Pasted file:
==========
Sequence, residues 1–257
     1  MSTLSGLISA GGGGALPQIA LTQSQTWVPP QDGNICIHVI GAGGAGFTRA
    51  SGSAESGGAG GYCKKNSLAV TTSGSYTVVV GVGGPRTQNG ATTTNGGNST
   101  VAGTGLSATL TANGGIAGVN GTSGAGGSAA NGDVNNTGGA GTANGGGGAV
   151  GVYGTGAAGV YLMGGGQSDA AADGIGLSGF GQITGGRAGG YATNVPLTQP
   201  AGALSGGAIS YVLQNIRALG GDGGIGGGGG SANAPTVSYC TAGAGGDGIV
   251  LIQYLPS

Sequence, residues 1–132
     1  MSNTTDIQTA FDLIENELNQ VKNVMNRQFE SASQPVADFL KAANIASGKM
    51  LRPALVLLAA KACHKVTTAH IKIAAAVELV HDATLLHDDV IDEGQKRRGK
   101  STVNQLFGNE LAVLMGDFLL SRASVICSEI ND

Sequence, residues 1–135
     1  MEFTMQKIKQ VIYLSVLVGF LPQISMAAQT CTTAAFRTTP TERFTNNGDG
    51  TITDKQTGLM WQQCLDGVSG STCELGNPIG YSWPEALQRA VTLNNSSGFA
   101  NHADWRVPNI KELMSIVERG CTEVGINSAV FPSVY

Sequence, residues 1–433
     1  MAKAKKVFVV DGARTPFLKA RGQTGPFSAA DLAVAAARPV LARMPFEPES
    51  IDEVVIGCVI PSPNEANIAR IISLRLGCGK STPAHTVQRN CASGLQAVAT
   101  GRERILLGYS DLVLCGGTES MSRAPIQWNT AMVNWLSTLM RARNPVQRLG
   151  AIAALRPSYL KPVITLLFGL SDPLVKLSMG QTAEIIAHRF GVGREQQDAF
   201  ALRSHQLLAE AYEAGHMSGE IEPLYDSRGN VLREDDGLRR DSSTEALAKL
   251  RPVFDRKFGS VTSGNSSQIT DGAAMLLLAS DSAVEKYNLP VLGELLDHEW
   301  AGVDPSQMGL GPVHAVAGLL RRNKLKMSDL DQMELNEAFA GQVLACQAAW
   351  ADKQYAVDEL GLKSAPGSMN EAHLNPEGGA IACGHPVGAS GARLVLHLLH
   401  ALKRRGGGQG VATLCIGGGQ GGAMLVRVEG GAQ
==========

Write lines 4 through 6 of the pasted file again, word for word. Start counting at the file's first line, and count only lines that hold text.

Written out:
   101  VAGTGLSATL TANGGIAGVN GTSGAGGSAA NGDVNNTGGA GTANGGGGAV
   151  GVYGTGAAGV YLMGGGQSDA AADGIGLSGF GQITGGRAGG YATNVPLTQP
   201  AGALSGGAIS YVLQNIRALG GDGGIGGGGG SANAPTVSYC TAGAGGDGIV